Christians often grow weary of the long race of life, with its many twists and turns and uphill battles. It’s been a long, hard battle with satan and the forces of darkness to stay on the top where we, as Christians, belong. So many Christians are in their later years, and God sees their long lifetime of good service, some of which that person may have forgotten about, though He certainly hasn’t. If you’ve lived your life for Christ, you can rest assured there is a trophy laid up for you in heaven as your reward.
A spirited race horse dances with delight at the outset of the cross-country race, eager for the gun to go off so he can start running. At last the beast lunges forward, its long legs stretching way ahead of the jockey and far behind him. All the pent-up strength of the horse’s youth propels it forward, up the winding trail.
Minutes pass. The horse would love to stop and nibble at a bush of sweet clover but the jockey urges it on because they have not yet reached the goal, and other horses are pulling ahead. Yet the wise jockey does not force the horse to go the whole journey at full speed because the animal will soon tire and need to recoup its strength by going at a reduced pace. He allows the animal to slow enough to find its own pace and recharge its batteries for the finish. The jockey realizes that consistency is even more important than big bursts of speed. The horse on the left is nearly depleted because the animal used up all its energy speeding up a hill instead of reserving part of its energy for the long haul.
A gurgling brook lay just ahead. The merciful jockey realizes that the health of his horse must come first. He allows the horse to briefly pause for a refreshing drink while the jockey on the left yanks at his own horse’s reins and forces him onward. Once the horse is satisfied, he breaks into a fast gallop and makes up for lost time. The horse on the left is struggling because his muscles are dehydrated and his throat is parched. He only runs because he’s being beaten.
Although the first horse has paused for refreshment, it takes much stamina to navigate through the rough countryside, with its brambly bushes and stony pathways. Out the corner of his eye the jockey sees other contenders cutting corners to cheat so they’ll come in first. One jockey steers his steed up a sandy slope which enables him to bypass a twisting, winding section of the race course. “No!” the jockey shouts. “Don’t come that way! It’s too dangerous!”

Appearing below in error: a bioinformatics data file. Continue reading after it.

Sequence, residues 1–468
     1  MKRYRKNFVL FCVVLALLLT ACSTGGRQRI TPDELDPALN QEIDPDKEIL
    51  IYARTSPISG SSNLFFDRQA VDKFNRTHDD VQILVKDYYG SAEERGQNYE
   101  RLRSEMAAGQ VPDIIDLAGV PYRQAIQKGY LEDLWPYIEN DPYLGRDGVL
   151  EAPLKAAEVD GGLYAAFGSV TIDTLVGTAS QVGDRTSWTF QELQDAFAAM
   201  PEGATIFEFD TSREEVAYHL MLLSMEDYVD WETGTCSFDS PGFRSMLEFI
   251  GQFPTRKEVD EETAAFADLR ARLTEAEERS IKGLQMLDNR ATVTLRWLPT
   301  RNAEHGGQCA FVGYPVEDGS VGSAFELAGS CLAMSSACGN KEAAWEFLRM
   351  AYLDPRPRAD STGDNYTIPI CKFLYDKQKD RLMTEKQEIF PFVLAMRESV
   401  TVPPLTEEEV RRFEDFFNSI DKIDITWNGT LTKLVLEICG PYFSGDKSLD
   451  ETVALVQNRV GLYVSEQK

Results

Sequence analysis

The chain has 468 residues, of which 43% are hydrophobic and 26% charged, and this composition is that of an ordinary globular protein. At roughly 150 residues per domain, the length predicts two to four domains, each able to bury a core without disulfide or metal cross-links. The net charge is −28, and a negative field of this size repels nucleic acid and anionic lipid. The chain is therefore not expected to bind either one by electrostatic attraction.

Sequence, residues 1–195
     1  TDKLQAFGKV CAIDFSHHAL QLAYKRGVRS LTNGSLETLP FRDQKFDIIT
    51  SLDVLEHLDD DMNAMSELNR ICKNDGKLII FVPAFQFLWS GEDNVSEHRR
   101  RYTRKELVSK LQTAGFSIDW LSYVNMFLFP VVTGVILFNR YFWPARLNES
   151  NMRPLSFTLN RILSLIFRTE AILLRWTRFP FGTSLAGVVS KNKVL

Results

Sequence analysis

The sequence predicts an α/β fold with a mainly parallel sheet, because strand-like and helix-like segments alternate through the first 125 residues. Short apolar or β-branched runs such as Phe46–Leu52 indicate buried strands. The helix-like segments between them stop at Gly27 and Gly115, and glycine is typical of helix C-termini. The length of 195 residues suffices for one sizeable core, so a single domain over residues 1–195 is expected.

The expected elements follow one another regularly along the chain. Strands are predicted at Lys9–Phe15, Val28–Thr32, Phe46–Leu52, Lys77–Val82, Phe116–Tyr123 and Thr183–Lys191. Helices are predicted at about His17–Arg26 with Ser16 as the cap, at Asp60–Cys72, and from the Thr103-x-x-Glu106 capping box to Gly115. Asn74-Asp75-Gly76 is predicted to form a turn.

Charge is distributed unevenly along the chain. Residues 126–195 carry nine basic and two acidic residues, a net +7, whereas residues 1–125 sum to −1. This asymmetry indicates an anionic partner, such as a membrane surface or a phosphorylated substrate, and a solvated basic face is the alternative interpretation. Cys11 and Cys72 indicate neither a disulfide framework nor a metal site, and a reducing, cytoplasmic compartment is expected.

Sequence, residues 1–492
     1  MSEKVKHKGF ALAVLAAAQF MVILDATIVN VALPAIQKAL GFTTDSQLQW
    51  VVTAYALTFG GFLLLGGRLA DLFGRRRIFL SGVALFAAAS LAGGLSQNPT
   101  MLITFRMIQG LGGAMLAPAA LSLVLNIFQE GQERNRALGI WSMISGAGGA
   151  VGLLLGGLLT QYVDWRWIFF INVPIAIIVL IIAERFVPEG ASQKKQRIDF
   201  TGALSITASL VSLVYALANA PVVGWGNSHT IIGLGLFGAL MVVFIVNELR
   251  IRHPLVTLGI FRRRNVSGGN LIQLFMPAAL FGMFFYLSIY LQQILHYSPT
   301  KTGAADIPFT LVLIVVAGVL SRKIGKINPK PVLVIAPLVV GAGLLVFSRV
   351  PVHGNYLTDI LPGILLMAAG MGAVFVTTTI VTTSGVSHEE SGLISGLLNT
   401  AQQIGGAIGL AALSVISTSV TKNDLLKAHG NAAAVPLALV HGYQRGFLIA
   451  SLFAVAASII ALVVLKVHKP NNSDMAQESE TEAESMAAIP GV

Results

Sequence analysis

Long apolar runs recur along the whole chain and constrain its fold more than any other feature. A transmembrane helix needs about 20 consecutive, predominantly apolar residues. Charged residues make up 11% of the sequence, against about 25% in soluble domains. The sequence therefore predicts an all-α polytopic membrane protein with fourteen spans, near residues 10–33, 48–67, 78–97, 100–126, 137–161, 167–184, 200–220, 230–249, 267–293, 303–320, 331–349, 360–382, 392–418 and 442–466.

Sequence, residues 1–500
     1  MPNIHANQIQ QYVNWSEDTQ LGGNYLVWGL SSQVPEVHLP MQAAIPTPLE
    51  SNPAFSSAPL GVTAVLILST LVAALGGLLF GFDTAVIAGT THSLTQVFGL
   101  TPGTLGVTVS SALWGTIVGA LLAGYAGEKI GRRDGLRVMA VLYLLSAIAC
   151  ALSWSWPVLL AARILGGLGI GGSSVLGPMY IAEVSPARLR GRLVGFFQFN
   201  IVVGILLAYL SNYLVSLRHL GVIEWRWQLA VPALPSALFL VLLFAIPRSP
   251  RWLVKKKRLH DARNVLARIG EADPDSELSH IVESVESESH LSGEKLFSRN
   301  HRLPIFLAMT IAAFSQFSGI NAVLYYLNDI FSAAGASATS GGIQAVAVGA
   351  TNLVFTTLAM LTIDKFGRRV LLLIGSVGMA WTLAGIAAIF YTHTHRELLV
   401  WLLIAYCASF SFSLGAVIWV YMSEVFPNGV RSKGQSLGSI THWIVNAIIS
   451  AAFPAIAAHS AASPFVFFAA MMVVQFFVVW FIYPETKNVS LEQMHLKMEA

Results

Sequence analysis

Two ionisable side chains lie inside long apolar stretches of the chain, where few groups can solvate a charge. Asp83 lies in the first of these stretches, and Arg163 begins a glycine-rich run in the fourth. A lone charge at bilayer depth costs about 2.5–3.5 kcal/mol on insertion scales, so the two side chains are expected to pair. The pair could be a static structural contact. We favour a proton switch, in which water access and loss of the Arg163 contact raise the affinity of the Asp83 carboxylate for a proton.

The other jockey curses at him and forces his horse on up the treacherous hill. Their maneuver brings a landslide of rocks down the unstable hillside. The terrified horse’s hoofs slide back in the unstable sand. The animal rolls over to dodge the falling rocks. The man who broke the rules to run a quicker, easier race is unable to continue.
High atop the craggy hill the jockey sees the cheering crowd below and the wide gold ribbon marking the finish line. “I know it’s a long shot,” the wise jockey whispers to his tired horse. “I know you’re all worn out and scratched up, but there’s the finish line down below. C’mon, boy, I know you can do it.”
Inspired by the love and trust of his jockey, the magnificent beast gets his second wind. His rippling muscles spring into action. In one supercharged burst of energy, the animal bounds over the last half mile of the course as if there were wings on his hooves. His magnificent mane blows in the wind, his nostrils flare, drawing in the breath of freedom which fires his roaring engine to work at maximum capacity to reach the finish line and win the coveted prize of victory.
Once the horse and rider are surrounded by the cheers of the adoring crowd they forget the pain and weariness of the long course. Once the excitement dies down the jockey is told that several had to drop out of the race because they ran into disaster after they disobeyed the posted warnings against taking shortcuts through dangerous territory. One rider’s horse got bit by a snake in a muddy swamp. Several horses got lamed when their hooves got entangled in a network of thorny blackberry vines along some forbidden byway. Other horses slid backward on the sandy slope, throwing their riders into the shifting sand. They all had to drop out of the race.
The hardworking, loyal horse is garlanded with a wreath of sweet-smelling, thornless roses. Both horse and rider are honored with a gold cup. With a deep sense of humility the jockey realizes it wasn’t just the speed of his horse that brought him victory but running a clean race with an honest heart full of fervent love and dedication.
Dear reader, if you feel like you’re barely going at a snail’s pace and barely getting anywhere, do not be discouraged. God is not a cruel slave driver. He provides springs of refreshing throughout this early pilgrimage. God doesn’t get mad at you for getting tired and slowing down to recover from the bruises of your battles. You’re regathering your strength for the last stretch of the long race. Once you catch sight of the prize just ahead you’ll fly like the wings of the wind and God will bring you safely home.